P Is for Peppers



((NOTE: See July, August, and October updates, at end of entry))

The great thing about hot peppers is that a little goes a long way. Which has been fortunate for me, as I’ve not found some peppers to be especially easy to grow in profusion.  This may be less true of the hot varieties, because we now have bags of Serranos and Red Chilis keeping their heat dormant in the freezer. But I’m not pleased about the lack of volume in the mild peppers that I’ve tried to grow each summer for the past few years. (But see our August and October 2017 updates!)

As the photo above shows, every year we have a fine display of red hots in roomy pots, and we’ve put them to use in chili dishes, frittatas, soups, sauces, and stews. Some of these little fellas are so potent that Jean needs only one or two per quart or two of the dish to give us a nice warm mouthfeel per spoonful. We chop the rascals up into bits to spread in the dish, or sometimes she will put them whole into the slow cooker to spread the heat gradually. Pictured below are Chris’s tomato and green veggie sauce with serranos for spice, and Jean’s tomato, zucchini, and herbs stir fry, spiced by red chilis. Almost all ingredients come from our summer garden.


Tomato and green veggies sauce


Tomato, zucchini, herb stir fry

We both like a good number of dishes to have a forceful kick, but neither of us is into competing for a fire-eating prize, so we don’t try to up the ante by throwing in more chilis.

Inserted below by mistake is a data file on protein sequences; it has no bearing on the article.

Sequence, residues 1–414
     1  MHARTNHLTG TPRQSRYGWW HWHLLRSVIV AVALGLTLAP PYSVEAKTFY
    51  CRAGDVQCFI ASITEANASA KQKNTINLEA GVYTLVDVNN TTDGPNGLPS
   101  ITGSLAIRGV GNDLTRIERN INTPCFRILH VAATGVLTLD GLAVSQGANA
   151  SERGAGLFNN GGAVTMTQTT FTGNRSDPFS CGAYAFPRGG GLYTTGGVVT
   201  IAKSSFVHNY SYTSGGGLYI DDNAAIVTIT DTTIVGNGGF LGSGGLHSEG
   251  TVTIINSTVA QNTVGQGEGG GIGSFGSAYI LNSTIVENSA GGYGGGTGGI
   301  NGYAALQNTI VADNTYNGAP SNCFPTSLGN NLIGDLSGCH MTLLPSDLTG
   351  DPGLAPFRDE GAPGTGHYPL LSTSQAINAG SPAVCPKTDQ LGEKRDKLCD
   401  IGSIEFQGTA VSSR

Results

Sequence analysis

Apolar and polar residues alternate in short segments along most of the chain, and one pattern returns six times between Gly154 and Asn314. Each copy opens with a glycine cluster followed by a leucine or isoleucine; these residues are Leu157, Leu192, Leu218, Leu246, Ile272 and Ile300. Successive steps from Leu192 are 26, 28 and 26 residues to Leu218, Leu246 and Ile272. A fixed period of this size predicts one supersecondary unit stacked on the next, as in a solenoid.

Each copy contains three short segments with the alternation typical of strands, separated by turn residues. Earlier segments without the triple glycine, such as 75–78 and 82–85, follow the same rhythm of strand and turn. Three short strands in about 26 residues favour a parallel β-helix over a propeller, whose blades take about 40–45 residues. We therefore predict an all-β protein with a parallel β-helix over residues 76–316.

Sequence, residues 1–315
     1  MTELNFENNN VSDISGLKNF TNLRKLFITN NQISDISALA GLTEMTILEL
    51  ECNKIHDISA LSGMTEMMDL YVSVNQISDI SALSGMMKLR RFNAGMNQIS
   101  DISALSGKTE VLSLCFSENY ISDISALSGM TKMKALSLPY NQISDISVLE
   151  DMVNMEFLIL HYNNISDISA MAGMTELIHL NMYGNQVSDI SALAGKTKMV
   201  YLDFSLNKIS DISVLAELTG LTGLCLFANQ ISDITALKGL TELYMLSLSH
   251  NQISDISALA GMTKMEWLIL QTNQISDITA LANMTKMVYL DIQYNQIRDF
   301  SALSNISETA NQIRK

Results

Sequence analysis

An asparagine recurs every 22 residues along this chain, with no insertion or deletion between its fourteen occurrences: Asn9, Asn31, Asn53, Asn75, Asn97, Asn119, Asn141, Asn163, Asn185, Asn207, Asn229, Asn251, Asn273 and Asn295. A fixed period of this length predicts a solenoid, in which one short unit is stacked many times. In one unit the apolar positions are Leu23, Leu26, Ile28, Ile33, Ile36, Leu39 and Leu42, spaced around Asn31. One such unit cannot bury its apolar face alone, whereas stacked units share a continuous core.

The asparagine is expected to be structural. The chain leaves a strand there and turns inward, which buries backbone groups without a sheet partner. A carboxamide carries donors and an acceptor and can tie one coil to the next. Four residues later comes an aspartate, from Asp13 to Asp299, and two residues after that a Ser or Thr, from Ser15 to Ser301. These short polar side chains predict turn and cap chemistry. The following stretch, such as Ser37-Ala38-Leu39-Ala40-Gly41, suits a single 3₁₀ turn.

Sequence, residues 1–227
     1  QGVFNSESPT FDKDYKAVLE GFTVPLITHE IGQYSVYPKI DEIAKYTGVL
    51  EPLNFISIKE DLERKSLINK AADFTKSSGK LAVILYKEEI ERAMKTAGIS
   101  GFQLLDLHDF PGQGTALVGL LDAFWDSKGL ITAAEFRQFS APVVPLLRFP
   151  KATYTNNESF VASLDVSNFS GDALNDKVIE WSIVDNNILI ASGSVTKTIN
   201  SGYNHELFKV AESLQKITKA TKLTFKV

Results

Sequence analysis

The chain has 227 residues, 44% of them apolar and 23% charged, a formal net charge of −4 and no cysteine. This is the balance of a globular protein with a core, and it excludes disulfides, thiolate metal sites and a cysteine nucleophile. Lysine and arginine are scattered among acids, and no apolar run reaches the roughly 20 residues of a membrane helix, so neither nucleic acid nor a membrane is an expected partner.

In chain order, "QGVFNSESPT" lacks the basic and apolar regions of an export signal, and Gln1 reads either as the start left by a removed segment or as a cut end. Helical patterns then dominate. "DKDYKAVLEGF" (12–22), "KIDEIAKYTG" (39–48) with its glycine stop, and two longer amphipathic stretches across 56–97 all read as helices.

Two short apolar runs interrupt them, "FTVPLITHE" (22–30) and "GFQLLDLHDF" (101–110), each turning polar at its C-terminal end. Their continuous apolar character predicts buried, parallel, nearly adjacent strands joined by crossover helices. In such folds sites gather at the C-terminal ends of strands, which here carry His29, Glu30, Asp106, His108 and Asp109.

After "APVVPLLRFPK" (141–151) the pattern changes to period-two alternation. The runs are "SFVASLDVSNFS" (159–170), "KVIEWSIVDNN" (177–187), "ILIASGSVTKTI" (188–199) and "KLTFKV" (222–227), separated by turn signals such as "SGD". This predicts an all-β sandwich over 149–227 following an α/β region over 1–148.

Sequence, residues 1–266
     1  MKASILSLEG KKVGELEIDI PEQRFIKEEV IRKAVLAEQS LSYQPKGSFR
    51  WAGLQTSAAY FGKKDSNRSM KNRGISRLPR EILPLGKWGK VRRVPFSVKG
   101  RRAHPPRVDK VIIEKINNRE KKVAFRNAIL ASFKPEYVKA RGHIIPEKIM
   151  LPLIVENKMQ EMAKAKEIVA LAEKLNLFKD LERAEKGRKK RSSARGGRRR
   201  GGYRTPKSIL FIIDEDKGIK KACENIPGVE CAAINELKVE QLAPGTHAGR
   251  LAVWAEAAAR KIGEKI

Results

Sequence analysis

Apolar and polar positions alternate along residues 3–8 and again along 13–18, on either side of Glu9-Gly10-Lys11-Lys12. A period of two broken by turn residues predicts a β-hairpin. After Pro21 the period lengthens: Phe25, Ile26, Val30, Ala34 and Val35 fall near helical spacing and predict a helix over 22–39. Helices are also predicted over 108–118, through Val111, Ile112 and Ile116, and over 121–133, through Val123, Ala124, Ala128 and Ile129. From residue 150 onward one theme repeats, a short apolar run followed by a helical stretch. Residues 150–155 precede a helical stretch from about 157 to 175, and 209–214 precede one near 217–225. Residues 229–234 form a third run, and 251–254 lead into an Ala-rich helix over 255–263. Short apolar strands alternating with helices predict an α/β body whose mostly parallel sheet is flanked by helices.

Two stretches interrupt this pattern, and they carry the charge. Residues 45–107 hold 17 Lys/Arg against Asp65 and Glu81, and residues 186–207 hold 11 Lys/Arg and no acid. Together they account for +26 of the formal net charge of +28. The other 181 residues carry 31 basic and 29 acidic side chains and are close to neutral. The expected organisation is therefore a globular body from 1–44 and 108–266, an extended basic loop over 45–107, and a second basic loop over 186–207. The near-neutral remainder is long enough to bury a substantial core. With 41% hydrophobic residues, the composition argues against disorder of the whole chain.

To save the rest for later use, Jean’s favorite method is to bag them for the freezer, It’s been remarkable how they keep their potency even over several years. Part of last year’s crop of inch-long red chilis I couldn’t resist displaying like this:

garden kitchen hot chili logo - 1

They loved showing off, and didn’t mind being bagged for the freezer:

kitchen red hot peppers from 2016 - 1

We promised them they’d be liberated eventually so they could do their picante thing, and we’ve kept our promise, chili by chili.

I promised Jean this year that I’d not add to the freezer population by growing more hot peppers. But, alas, I like the look of them so much in the summer garden that I snuck in one more plant, a Thai variety. Here it is in late June, next to a mild purple variety. Both are popping out white blooms, and should be producing green fruit in another week or two.

garden thai chili and purple pepper jun 17 - 1

In Ground or in Pots?

Meanwhile, I’m experimenting this year with growing three pepper plants in the ground in one of the raised beds, Whereas the hot varieties have done great in the pots for several years, I’ve been less happy with the performance of the mild varieties in the same medium. I’ll typically get about six green, yellow, or purple milds per plant over a summer, but they tend to be much smaller than the large beauties you can get in the store. I figure the pots–which are valuable for keeping away the snails and for their portability–restrict the growth areas for the plants, and so I’m hoping the in-ground plants will grow taller and wider, and produce more and larger fruit. We’ll see.

garden peppers shishito yellow big bertha green jun17 - 1

Right now, in late June, here (above)  is the trio–(R to L) one shishito, one medium-size green, and one “Big Bertha” green. The “Big Bertha,” which I planted earliest, in mid-April, is already much larger than any of my pepper plants in earlier years, and has three green fruit heading toward decent size (see below). The shishito, planted in mid-May, has four small fruit in process. Equally good news: no sign of snails.

garden pepper big bertha green jun17 - 1